Pennsylvania’s custody relocation statute, 23 Pa C.S. 5337, requires the party seeking relocation to get court approval or the other parent’s permission prior to relocation. A relocation is defined as any move that would “significantly impair the ability of the nonrelocating party to exercise custodial rights.” Case law has established that when neither parent moves but the child is moving, Section 5337 is not triggered. In D.K. v. S.P.K., 102 A.3d 467 (Pa. Super. 2014), the Father was located in Pittsburgh, PA with the children and Mother was located in North Carolina. Mother was subsequently awarded primary custody resulting in the children moving to North Carolina. This was not considered a relocation since neither parent had moved, however, the court did state that certain factors in Section 5337(h) should be considered due to the impact on the children.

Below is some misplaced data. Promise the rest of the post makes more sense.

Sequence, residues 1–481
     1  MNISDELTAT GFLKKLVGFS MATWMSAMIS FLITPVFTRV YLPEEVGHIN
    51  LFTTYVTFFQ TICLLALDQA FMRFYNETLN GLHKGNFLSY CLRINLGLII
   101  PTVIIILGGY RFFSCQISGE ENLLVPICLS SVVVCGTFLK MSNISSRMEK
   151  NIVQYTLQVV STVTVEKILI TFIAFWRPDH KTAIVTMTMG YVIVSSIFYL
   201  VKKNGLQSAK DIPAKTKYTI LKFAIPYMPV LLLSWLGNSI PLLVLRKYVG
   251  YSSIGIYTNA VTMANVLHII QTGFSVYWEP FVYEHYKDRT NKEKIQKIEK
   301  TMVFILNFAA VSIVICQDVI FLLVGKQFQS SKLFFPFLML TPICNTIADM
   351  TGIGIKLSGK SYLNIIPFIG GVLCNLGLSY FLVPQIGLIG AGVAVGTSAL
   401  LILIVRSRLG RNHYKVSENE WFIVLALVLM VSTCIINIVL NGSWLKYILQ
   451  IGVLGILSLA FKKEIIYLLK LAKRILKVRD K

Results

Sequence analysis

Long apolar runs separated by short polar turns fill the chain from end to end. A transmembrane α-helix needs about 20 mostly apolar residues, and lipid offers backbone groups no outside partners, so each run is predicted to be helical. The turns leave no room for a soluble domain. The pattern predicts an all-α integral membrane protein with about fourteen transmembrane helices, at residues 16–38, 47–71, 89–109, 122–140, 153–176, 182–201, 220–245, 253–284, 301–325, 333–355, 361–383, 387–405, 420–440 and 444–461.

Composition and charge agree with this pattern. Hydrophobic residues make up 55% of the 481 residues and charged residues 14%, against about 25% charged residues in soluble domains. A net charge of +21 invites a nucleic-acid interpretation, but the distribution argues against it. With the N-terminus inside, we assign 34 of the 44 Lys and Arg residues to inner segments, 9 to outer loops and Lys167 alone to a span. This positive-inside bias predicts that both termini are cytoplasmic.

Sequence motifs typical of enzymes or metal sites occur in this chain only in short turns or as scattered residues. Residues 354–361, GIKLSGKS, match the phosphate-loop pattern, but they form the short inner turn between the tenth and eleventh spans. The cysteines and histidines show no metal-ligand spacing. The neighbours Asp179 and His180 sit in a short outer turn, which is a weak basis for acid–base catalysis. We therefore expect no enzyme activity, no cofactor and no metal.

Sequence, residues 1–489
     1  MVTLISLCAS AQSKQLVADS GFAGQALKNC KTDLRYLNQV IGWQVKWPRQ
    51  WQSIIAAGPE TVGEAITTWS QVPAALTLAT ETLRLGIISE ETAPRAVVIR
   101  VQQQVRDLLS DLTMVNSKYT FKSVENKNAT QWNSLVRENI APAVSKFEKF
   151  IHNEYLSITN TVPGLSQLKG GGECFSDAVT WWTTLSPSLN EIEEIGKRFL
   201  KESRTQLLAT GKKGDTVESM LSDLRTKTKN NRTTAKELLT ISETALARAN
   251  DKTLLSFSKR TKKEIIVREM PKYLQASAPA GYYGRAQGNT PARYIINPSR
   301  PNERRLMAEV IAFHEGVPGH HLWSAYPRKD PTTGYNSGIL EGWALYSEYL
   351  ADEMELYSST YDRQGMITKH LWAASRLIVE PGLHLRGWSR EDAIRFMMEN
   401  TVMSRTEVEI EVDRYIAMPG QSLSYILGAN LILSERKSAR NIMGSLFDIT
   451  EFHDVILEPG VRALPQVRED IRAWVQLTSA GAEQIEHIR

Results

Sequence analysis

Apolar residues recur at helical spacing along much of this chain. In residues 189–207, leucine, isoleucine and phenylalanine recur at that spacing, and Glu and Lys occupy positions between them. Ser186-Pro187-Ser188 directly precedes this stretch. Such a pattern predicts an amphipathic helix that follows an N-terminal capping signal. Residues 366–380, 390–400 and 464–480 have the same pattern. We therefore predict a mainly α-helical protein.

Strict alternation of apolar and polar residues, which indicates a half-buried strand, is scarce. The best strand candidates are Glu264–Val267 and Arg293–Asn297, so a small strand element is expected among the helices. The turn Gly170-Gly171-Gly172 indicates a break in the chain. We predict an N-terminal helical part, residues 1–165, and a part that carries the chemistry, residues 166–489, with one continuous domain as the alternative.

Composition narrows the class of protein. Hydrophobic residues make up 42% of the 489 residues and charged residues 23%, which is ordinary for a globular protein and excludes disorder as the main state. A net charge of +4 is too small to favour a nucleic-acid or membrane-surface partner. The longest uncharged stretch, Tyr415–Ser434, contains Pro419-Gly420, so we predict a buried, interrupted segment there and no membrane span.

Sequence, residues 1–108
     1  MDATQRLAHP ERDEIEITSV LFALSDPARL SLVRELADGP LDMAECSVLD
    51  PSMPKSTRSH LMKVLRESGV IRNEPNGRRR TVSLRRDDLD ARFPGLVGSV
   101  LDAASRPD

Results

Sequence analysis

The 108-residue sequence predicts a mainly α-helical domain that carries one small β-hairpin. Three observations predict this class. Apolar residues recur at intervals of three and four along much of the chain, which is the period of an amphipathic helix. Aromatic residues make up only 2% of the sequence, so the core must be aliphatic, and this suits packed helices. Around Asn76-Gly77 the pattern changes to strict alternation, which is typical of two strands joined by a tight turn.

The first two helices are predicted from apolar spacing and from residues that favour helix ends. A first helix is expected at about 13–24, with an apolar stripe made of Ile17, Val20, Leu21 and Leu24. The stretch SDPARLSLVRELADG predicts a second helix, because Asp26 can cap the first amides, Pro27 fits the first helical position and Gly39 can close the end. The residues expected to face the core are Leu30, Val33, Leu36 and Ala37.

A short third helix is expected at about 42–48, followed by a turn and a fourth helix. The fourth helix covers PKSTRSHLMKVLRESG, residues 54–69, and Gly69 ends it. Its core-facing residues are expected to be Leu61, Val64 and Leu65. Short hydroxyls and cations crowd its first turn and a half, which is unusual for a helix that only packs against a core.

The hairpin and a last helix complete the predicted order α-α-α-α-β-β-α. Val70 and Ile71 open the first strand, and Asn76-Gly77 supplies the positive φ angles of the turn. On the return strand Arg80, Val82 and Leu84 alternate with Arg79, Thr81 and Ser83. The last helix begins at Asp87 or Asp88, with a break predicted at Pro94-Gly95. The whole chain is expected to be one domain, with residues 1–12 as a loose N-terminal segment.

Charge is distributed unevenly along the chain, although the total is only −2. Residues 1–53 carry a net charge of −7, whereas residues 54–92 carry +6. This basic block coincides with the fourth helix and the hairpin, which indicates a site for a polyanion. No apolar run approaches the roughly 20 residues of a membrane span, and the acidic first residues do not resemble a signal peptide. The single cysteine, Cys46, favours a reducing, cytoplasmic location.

Specifically, Section 5337(h)(2), the age, developmental stage, needs of the child and the likely impact the relocation will have on the child’s physical, educational and emotional development, taking into consideration any special needs of the child, (h)(3) the feasibility of preserving the relationship between the nonrelocating party and the child through suitable custody arrangements, considering the logistics and financial circumstances of the parties, and (h)(7) whether the relocation will enhance the general quality of life for the child, including, but not limited to, financial or emotional benefit or educational opportunity. These factors should be considered in addition to, or alongside, the best interests factors to be considered in every custody case under Section 5328.